Antibody-drug conjugates (ADCs) are target-specific anticancer agents consisting of cytotoxic drugs covalently linked to a monoclonal antibody. They allow specific targeting of drugs to neoplastic cells. The number of ADCs in the clinic is growing, and therefore thorough characterization of the quantitative assays used to measure ADC concentrations in support of pharmacokinetic, efficacy, and safety studies is of increasing importance.

Cytotoxic drugs such as the tubulin polymerization inhibiting auristatin, monomethyl auristatin E, have been conjugated to antibodies via cleavable linkers (MC-vc-PAB) through internal cysteines.

This results in a heterogeneous mixture of antibody species with drug-to-antibody ratios (DAR) ranging from 0 to 8. In order to characterize the assays used to quantitate total MC-vc-PAB-MMAE ADCs (conjugated and unconjugated antibody), investigators used purified fractions with defined DARs from 6 therapeutic antibodies to evaluate different assay formats and reagents.

Investigators revealed that for quantitation of total antibody, including all unconjugated and conjugated antibody species, sandwich ELISA formats did not always allow for recovery of all purified DAR fractions (DAR 0-8) to within ±20% of the expected values at the reagent concentrations tested. In evaluating alternative approaches, we found that the recovery of DAR fractions with semi homogeneous assay (SHA) formats, in which sample, capture, and detection reagents are pre-incubated in solution, were less affected by the antibody’s MMAE drug load as compared to traditional stepwise sandwich ELISAs. Thus, choosing the optimal assay format and reagents for total antibody assays is valuable for developing accurate quantitative assays.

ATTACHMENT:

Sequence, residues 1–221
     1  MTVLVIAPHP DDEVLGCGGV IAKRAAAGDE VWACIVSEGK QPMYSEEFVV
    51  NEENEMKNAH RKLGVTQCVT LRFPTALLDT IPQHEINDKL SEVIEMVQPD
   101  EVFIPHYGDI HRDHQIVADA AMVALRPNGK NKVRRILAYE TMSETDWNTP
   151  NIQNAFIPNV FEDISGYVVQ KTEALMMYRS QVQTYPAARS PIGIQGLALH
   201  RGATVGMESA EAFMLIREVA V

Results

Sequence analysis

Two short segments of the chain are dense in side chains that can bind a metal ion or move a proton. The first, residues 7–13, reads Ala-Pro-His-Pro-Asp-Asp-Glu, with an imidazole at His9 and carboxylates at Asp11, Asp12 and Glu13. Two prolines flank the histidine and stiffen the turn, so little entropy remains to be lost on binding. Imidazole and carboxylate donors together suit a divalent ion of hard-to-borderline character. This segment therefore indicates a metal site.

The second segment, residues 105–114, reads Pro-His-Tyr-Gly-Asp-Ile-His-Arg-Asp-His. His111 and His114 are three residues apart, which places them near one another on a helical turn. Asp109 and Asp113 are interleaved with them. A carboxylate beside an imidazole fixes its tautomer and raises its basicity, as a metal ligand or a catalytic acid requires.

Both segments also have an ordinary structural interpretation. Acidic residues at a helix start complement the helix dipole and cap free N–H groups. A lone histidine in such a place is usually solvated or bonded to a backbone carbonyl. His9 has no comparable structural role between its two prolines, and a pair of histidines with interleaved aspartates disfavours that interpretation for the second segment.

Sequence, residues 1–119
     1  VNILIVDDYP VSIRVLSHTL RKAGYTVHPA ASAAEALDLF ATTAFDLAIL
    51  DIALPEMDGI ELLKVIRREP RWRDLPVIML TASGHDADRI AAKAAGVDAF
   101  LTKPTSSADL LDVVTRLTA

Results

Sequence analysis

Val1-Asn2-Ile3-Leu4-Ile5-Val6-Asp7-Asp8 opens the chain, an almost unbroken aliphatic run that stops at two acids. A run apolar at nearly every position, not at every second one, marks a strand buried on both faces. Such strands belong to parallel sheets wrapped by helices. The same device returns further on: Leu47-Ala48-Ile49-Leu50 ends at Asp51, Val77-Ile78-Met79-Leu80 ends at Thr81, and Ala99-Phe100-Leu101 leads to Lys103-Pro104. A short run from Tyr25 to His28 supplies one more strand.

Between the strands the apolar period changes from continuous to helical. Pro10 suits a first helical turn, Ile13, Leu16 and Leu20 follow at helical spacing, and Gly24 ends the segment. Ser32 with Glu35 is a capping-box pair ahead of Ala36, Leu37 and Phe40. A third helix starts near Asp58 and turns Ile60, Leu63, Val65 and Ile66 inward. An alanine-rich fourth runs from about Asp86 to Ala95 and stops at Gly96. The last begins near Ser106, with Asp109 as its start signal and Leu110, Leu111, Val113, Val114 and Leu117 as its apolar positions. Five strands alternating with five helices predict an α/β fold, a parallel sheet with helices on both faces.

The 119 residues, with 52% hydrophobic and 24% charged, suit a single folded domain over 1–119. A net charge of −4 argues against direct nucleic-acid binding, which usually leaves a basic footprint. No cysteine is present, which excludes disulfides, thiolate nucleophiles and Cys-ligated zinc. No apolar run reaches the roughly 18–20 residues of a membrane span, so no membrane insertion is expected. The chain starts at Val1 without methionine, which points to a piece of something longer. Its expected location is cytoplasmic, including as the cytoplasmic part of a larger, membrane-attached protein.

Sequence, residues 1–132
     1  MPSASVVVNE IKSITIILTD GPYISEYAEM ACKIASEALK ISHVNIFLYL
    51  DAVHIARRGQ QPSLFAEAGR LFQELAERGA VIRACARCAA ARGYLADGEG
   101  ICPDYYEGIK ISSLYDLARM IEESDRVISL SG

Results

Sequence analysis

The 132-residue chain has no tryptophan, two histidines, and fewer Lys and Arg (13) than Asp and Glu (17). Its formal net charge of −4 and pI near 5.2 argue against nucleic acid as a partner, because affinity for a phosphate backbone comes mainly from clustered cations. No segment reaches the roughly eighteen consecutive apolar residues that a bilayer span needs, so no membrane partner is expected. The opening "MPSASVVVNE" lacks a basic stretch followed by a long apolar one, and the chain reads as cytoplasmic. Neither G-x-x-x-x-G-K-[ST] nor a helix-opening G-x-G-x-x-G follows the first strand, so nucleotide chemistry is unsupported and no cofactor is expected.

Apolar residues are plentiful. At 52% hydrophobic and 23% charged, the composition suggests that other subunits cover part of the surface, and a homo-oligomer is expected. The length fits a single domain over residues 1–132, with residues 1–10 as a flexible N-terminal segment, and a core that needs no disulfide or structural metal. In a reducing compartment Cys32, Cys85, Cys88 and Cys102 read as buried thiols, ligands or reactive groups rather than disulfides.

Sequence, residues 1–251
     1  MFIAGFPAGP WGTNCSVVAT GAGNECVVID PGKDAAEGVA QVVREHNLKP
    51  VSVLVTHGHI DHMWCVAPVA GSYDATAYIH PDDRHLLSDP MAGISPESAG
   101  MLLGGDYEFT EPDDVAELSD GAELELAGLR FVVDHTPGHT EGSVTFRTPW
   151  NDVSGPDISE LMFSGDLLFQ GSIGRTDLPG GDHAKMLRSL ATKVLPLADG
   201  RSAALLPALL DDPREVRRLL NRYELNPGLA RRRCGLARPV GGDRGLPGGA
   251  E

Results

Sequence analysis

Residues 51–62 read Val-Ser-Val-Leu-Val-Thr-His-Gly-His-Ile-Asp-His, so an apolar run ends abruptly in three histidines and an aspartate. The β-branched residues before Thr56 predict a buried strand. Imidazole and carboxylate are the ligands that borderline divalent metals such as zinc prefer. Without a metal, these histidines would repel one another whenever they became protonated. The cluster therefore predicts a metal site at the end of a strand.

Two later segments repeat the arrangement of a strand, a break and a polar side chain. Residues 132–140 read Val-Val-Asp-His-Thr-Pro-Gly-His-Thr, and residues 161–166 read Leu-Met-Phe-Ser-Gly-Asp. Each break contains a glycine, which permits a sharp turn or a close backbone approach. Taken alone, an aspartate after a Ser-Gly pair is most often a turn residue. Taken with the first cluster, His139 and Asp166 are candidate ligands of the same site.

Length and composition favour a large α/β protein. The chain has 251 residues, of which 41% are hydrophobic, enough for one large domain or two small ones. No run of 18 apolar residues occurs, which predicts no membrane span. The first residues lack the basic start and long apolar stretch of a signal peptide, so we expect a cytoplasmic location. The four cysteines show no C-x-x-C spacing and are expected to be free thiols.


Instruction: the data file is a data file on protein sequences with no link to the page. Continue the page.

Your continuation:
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DCDT2980S
Researchers used the technology to develop the ADC DCDT2980S that targets CD22, an antigen with expression limited to B cells and the vast majority of non-Hodgkin lymphomas (NHL). DCDT2980S consists of a humanized anti-CD22 monoclonal IgG1 antibody with a potent microtubule-disrupting agent, monomethyl auristatin E (MMAE), linked to the reduced cysteines of the antibody via a protease cleavable linker, maleimidocaproyl-valine-citrulline-p-aminobenzoyloxycarbonyl (MC-vc-PAB).

In their study, they describe the efficacy, safety, and pharmacokinetics of DCDT2980S in animal models to assess its potential as a therapeutic for the treatment of B-cell malignancies. We did not find a strong correlation between in vitro or in vivo efficacy and CD22 surface expression, nor a correlation of sensitivity to free drug and in vitro potency. The investigators also show that DCDT2980S was capable of inducing complete tumor regression in xenograft mouse models of NHL and can be more effective than rituximab plus combination chemotherapy at drug exposures that were well tolerated in cynomolgus monkeys. Based on these results, they conclude that DCDT2980S has an efficacy, safety, and pharmacokinetics profile that support potential treatment of NHL.


Last Editorial Review: April 20, 2013

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